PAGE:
Dahanu Road

Dahanu Road

eBook - 2010
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A landowner's son falls in love with a dead employee's daughter.
Publisher: Toronto :, Doubleday Canada,, [2010]
Copyright Date: ♭2010
ISBN: 9780307374738
0307374734
Characteristics: 1 online resource (304 pages)

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julia_sedai
Sep 16, 2016

Such an interesting novel! I know nothing about this part of India or Zoroastrians or tribal differences so it was a real eye-opener. Some parts are very humorous. Overall, it's a bit tragic, though. I was left feeling a bit depressed. Recommended for anyone who wants something totally different to read.

BPLNextBestAdults Nov 15, 2011

Set outside Bombay in the quiet coastal community of Dahanu, young Zairos Irani must decide whether or not to become involved with the daughter of one of his farm workers who has tragically died. Attracted by the beautiful but tragic Kusum, does Zairos have the courage and commitment to try to rescue her from a life of poverty and misery, or will he weaken before the barriers of class and ethnicity? And can any efforts of his possibly succeed enough to justify the price they both must pay?

As the story unfolds, Zairos learns from his embittered grandfather that he, too, faced this same decision sixty years in the past, and his choices led to tragic consequences for both the farm worker’s family and his own. A compelling story of the tension between hope and hopelessness, desire and fear.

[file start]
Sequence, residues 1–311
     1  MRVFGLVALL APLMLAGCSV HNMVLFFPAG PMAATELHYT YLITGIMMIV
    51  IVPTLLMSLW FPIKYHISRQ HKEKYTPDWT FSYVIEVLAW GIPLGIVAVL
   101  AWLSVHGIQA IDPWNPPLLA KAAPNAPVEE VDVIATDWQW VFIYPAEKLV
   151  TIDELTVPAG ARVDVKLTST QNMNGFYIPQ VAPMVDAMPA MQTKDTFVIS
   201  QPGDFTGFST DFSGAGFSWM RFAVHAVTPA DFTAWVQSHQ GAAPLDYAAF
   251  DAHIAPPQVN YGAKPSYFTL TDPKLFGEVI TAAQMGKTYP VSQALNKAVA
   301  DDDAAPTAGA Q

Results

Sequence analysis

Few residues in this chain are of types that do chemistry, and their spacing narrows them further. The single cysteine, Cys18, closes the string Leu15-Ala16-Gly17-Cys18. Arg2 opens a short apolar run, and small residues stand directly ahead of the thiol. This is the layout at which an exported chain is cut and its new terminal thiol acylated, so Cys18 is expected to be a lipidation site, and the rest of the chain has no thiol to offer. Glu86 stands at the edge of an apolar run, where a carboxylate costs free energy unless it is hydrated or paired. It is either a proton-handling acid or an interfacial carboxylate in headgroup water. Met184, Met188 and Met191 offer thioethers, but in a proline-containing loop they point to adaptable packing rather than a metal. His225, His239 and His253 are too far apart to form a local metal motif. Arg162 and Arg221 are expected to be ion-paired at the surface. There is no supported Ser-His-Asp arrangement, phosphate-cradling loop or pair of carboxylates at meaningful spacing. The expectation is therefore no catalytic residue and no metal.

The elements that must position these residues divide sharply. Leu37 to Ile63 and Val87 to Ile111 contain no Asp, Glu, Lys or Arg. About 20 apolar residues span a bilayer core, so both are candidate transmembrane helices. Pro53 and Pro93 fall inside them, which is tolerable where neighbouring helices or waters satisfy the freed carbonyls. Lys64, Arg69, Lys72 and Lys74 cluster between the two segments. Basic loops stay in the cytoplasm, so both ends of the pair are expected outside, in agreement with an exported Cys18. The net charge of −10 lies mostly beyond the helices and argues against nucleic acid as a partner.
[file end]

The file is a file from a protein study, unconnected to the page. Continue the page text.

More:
Cdnbookworm Apr 18, 2011

This is a very sensual novel, appealing to the senses. Zairos Irani is a young man, close to his grandfather Shapur. As he spends time with the old man, he is told stories of the past. He is also the one to find a worker's body in the orchard, and he finds himself drawn to the man's daughter. Kusum also finds herself drawn to Zairos and at the basis of this is a memory from her childhood. Zairos has lived a life of idleness and his first moves are hesitant. As the both find themselves defying taboos with their relationship, it is Kusum who has the strength. Their story also leads back to the story of Shapur and Banu, Zairos' grandparents.
We see the age-old conflict between the landowning Iranis, and the local tribal Warlis who work for them. Zairos discovers this history is part of his family story as well. This book has humour and sadness, but it is the evocative nature of the writing that makes it come alive.
This book is one of the ten finalists for the 2011 OLA Evergreen Award.

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